China marks Hong Kong handover date amid freedom claims

Chinese President Xi Jinping has officiated at the swearing-in ceremony of Hong Kong’s new leader, a former security official who oversaw the crackdown on protests, as Taiwan’s Premier said Hong Kong had lost its freedom.

Protesters in Hong Kong can be tried for subversion under China's new security law. Photo: EPA/Miguel Candela

Protesters in Hong Kong can be tried for subversion under China's new security law. Photo: EPA/Miguel Candela

Hong Kong’s new chief executive John Lee, a former security official who oversaw the crackdown on dissent in the city since 2019 pro-democracy protests, pledged to uphold the city’s mini-constitution, the Basic Law, and bear allegiance to Hong Kong.

He also pledged to be accountable to the central government in Beijing.

Xi told well-wishers on the 25th anniversary of Hong Kong’s handover from the British to China that it had been ‘reborn from the ashes’ with ‘vigorous vitality’.

The comment was an apparent allusion to the 2019 pro-democracy protests, which were followed by a sweeping crackdown on dissent that has transformed the economic hub once known for its political and civic freedoms.

Xi last visited Hong Kong in 2017 for the July 1 celebrations, during which he warned that there would be no tolerance for any activities seen as threatening China’s sovereignty and stability.

The months of pro-democracy protests in 2019 were seen by China’s ruling Communist Party as just such a threat, and Xi in remarks Thursday evening praised former leader Carrie Lam for ending chaos that had gripped the city and ensuring that only ‘patriots’ would rule Hong Kong.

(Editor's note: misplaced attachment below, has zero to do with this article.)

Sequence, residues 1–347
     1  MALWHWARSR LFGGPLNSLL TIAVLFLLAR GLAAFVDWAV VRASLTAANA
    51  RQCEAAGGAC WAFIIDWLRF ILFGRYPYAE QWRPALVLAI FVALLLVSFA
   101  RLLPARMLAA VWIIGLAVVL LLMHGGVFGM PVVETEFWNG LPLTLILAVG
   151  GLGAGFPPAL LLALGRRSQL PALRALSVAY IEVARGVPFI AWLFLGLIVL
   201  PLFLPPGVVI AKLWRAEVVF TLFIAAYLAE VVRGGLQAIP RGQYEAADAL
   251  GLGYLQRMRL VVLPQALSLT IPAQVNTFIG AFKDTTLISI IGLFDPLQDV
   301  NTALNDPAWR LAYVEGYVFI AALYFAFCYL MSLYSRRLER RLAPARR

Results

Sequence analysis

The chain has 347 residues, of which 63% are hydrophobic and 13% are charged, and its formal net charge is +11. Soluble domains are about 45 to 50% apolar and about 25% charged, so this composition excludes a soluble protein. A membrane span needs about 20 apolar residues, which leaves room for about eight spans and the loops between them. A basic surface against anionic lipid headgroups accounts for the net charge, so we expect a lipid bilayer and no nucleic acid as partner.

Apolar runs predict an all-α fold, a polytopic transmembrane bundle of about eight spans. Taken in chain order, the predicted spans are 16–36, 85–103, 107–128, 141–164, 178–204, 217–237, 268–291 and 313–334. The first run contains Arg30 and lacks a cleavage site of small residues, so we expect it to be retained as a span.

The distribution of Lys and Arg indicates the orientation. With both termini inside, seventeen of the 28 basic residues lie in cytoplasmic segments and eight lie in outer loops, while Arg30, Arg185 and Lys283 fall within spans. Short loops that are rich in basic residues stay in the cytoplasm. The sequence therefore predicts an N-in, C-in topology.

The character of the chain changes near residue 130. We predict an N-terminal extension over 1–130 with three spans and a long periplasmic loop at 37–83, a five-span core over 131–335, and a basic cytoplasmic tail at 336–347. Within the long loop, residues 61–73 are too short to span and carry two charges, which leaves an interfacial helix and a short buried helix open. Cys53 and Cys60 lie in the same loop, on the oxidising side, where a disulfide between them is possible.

Since the protests, Beijing and Hong Kong authorities drafted a national security law that was then used to arrest scores of activists, media figures and democracy supporters; introduced a more ‘patriotic’ curriculum in schools; and revamped election laws to keep opposition politicians out of the city’s Legislature.

The changes have all but eliminated dissenting voices in the city and have driven many to leave.

Taiwan’s Premier Su Tseng-Chang said promises that life would go on as normal for Hong Kong after the handover had not been kept.

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“It’s only been 25 years, and in the past the promise was 50 years of no change,” he said.

“The ‘dancing will go on and horses still run’ has disappeared, and even freedom and democracy have vanished,” he added, referring to a Hong Kong expression about how life would not change under Chinese rule.

“We also know that we must hold fast to Taiwan’s sovereignty, freedom and democracy,” Su added. “China’s so-called ‘one country, two systems’ has simply not stood up to the test.”

The imposition of a harsh national security law after anti-government protests in Hong Kong has been widely condemned in democratic Taiwan. Beijing and the Hong Kong government say the law was necessary to restore stability to the city.

Britain returned Hong Kong to Chinese rule on July 1, 1997, under a “one country, two systems” formula which guarantees wide-ranging autonomy and judicial independence not seen in mainland China.

China has been stepping up its military and political pressure to get Taiwan to accept Chinese sovereignty. Taiwan’s government says only the island’s people can decide their future.

-with AAP

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